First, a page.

MMSD to re-examine zero tolerance policy regarding racial slurs

MADISON (WKOW) — The Madison school district announced Monday that it would be reviewing its policy regarding the use of racial slurs in school.

Board of Education president Gloria Reyes said they were trying to do good by creating the policy in the first place.

“We wanted to focus on not harming our children when we’re using these terms,” she told 27 News. “There were racial incidents that happened in our school and the district moved forward to implement this.”

Freedom Inc.’s Youth Director Bianca Gomez said the district should have considered how that policy would have impacted students of color. She said she believes the strict enforcement of the policy ignores the context of the situation and sometimes does more harm than good.

“The use of the zero tolerance policy was more harmful than the use of the n-word,” she said. “Black people are smart enough to decide what we want to do with that word and we don’t need people to put harmful policies in place that end up hurting us.”

Reyes said students of color will be heavily involved in the process of re-examining current policies, and potentially crafting new ones.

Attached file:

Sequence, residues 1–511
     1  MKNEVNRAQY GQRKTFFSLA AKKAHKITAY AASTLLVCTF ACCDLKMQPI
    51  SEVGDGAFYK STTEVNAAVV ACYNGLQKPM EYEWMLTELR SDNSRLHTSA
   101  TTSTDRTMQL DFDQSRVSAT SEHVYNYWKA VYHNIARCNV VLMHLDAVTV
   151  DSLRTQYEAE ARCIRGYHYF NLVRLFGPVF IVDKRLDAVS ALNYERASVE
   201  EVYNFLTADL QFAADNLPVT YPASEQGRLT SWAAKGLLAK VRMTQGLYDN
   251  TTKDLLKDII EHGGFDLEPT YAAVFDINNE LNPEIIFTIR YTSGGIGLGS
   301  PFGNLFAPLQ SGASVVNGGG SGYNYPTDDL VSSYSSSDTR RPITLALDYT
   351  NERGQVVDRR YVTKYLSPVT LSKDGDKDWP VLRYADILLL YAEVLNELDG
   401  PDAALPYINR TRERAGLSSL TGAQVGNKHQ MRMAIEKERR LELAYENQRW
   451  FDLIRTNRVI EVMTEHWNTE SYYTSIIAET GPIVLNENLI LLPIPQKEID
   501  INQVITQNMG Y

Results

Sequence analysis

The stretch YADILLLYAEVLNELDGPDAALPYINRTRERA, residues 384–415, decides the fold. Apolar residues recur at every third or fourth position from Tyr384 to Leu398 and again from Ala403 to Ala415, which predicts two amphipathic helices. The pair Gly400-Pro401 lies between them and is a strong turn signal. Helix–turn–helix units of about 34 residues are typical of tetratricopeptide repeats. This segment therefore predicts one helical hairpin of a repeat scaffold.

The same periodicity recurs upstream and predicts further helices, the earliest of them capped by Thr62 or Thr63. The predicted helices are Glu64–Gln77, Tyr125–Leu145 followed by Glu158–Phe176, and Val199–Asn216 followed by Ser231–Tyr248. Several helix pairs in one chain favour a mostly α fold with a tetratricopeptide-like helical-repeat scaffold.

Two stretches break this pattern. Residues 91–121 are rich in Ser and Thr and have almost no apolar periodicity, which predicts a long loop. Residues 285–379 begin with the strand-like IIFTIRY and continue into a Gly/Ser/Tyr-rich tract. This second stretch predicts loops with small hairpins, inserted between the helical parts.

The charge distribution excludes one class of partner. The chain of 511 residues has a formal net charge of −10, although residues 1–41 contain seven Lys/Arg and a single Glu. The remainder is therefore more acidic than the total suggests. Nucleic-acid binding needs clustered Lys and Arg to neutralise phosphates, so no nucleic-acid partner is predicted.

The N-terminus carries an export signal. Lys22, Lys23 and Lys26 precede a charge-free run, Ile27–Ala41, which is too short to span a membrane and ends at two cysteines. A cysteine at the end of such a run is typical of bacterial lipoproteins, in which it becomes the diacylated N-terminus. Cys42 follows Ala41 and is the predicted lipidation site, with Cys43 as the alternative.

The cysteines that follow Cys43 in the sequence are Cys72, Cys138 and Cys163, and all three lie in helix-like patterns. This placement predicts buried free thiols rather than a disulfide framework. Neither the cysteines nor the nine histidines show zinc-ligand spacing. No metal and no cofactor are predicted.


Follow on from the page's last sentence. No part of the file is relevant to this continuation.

“We’ll also look at whether there’s a new policy that we have to frame and write to ensure and to stick by our value of working and ensuring we have an anti-racist school,” she said.

Reyes said they will work to understand the complexity of situations involving racial slurs and people of color.

“I think we can still move forward by centering the racial equity work and the anti-racism work in our school, while also establishing a protocol and understanding what the complexities are in these situations,” she said.

Tracey Russell has worked with teens for almost two decades, and supports West High School’s Black Student Union. She told 27 News that every situation will be different and complex when it comes to the use of the n-word, and that the district may need to take a more extensive look than they originally did in order to keep people from getting hurt.

She said there is now an opportunity for growth from the district.

“I have the expectation that the school board would set a precedent that the board would have teenagers at the board, that would speak to these policies,” she said. “As well as looking at the African American community and looking at our leaders within the community and invite them to the board when you’re making these policies and procedures so you can really understand and hear how it may affect our community.”

More at WKOW 27 News

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